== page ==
Merger clearance decisions
Woolworths Ltd - proposed acquisition of Supermarket in Hawker ACT
PCA issues on 17 October 2013
Woolworths Limited proposes to acquire the Supa IGA supermarket and liquor licence in Hawker, ACT.
ACCC press release (6 December 2012):
'The ACCC’s preliminary view is that the proposed acquisition may result in a substantial lessening of competition in the local supermarket market.
The ACCC considers that the proposed acquisition would remove the unique offering of the Hawker Supa IGA from the local market. In particular, the Hawker Supa IGA is the only full-line independent supermarket in the local market, and is the only Supa IGA in north Canberra.
“Market inquiries have indicated that the Hawker Supa IGA differentiates its offerings from its competitors in terms of price, product range and service. This differentiation represents a competitive response to the offer of rival supermarkets, providing additional choice to consumers,” ACCC Chairman Rod Sims said.
The proposed acquisition would replace this differentiated offering with a standardised Woolworths offer, which may lead to a significant reduction in choice for consumers.
The ACCC also considers that this competition is unlikely to be re-introduced into the local market because of high barriers to entry in the local market, including regulatory limits on development and expansion of supermarket sites.
The merger was not opposed by the ACCC (see press release 4 July 2013)
Public Competition Assessment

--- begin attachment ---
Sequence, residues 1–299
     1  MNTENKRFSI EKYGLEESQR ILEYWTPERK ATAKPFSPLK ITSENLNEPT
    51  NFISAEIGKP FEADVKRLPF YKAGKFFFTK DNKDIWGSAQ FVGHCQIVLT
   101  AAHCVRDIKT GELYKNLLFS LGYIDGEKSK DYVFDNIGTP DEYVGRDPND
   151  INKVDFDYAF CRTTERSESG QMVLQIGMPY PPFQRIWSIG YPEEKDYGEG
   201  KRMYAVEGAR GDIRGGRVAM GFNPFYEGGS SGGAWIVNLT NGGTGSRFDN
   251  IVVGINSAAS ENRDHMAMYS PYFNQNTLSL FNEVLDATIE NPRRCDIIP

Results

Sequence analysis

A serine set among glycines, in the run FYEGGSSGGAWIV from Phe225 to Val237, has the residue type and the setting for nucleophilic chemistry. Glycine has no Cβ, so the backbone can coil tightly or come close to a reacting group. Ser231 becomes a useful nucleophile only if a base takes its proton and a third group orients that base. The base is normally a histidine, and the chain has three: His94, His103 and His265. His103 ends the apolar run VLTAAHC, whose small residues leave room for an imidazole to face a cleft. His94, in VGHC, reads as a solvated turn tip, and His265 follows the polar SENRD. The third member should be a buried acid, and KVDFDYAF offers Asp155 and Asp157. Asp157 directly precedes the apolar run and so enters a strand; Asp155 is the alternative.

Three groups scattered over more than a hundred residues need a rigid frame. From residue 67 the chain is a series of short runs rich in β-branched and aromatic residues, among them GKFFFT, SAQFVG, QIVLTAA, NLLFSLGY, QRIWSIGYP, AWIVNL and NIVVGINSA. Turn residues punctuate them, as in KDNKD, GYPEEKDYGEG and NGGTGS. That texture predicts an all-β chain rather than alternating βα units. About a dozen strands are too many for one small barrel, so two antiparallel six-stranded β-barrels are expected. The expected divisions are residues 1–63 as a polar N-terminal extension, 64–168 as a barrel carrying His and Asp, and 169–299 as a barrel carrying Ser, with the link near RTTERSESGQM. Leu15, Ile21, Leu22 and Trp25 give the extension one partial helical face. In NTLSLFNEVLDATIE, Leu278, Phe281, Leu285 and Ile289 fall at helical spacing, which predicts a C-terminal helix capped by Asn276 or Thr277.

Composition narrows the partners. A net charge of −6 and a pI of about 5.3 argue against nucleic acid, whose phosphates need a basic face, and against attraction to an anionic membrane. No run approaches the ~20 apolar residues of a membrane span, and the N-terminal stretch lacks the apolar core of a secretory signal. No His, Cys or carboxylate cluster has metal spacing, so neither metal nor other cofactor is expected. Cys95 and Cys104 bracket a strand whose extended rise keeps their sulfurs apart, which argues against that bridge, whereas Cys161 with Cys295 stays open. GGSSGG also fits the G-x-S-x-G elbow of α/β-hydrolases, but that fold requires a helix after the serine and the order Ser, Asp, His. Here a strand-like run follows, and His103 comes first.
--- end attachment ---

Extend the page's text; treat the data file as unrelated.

A Public Competition Assessment was released by the ACCC on 17 October 2013.
The PCA notes that, following the release of a Statement of Issues, the ACCC took the unusual step of commissioning Roy Morgan to conduct customer surveys to assess (para's 29-30)
- whether consumers believed other retailers were substitutes for Hawker Supa IGA
- the extent to which customers preferred shopping at Hawker Supa IGA (and why)
- the extent to which customers used Hawker Supa IGA for main shopping trips and top-up trips; and
- whether or not the proposed acquisition would have as 'meaningful detrimental impact on competition in the local market through a loss of consumer choice'.
Future with and without
The ACCC considered that Hawker Supa IGA was a profitable business and likely to continue operating independently if the acquisition did not proceed; the appropriate 'without' position was, therefore, continuation of the status quo (para 32).
Competition analysis - local market